, from 2003 to 2013, public research universities in the United States boosted spending on student services by 22.3 percent — a much steeper increase than the 9.5 percent for research or the 9.4 percent for instruction.
Undergraduates are acting accordingly: In 2013, the National Bureau of Economic Research released an important paper, “College as Country Club,” which found a broad-based taste for amenities, rather than academic quality, on the part of American students. Not for nothing, then, did education professor Sara Goldrick-Rab testify to the Senate in 2013 that American college campuses were fast becoming “glorified summer camps.”
Christopher Newfield, a prominent critic of what many label the “neoliberal university,” has noted
with alarm “the transformation of most student centers into midprice shopping malls.” And Harry R. Lewis, a computer scientist who once served as the dean of Harvard College, described a strategy in his 2006 book, “Excellence Without a Soul,” that brings us closer to the roots of intolerance. “The problem with focusing on physical amenities, on parties and on which bands come to concerts on campus,” he wrote, “is that doing so validates students’ myopia.” In other words, it teaches students that being educated matters less than being entertained.
Students, accustomed to authoring every facet of their college experience, now want their institutions to mirror their views. If the customers can determine the curriculum and select all their desired amenities, it stands to reason that they should also determine which speakers ought to be invited to campus and what opinions can be articulated in their midst. For today’s students, one might say, speakers are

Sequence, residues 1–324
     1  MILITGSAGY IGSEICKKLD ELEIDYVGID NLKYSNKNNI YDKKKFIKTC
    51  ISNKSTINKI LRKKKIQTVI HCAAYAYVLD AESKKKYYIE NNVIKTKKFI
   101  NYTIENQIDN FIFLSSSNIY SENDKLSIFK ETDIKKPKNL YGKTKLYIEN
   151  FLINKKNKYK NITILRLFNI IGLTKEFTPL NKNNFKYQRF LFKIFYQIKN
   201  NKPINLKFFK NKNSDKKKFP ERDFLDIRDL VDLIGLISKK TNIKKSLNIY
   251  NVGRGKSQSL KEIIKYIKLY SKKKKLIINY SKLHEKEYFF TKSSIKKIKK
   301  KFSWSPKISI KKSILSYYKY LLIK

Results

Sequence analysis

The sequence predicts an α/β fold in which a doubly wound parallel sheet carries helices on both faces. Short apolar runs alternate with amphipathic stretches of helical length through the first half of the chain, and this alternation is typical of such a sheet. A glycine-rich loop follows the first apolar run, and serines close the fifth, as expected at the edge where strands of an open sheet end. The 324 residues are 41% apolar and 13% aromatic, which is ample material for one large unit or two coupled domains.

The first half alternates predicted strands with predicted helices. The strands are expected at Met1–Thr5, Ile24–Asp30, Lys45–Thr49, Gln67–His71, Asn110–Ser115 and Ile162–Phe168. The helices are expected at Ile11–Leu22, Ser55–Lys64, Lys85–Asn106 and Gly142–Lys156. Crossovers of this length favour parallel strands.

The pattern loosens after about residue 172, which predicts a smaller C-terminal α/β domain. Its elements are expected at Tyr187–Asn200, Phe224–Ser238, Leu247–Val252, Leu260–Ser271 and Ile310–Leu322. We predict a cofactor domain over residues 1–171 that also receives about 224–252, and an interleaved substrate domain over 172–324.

What’s more, the drive to blacklist certain views isn’t unique to the left. A student Republican club at Orange Coast College in California recently campaigned for its school to punish a professor who had labeled President Trump a “white supremacist.” Some religious students at Duke University boycotted the institution’s summer reading list in 2015 because it contained a graphic novel that was forthright about gay romance.
Although such examples of conservative student hijinks typically draw less attention, they hint at the existence of a less-ideologically-inspired climate of intolerance, fed by students who think they know best. And these students think this for a good reason: Their schools, having given up any coherent vision of what it means to be an educated person, treat them this way.
All this suggests that blame for the troubled climate on many American college campuses cannot be laid solely at the feet of particular political movements. A well-articulated rationale for higher education, without all the tony amenities, would engender the vibrant intellectual community that critics find wanting today. That rationale should not encourage us to resurrect outdated curricula of the past. Instead, colleges should focus on developing a canon of masterworks appropriate for today’s globalized world. If we continue to treat students primarily as customers, we’ll never encourage in young adults the sense of humility and seriousness of purpose requisite for learning — or for tolerating dissent.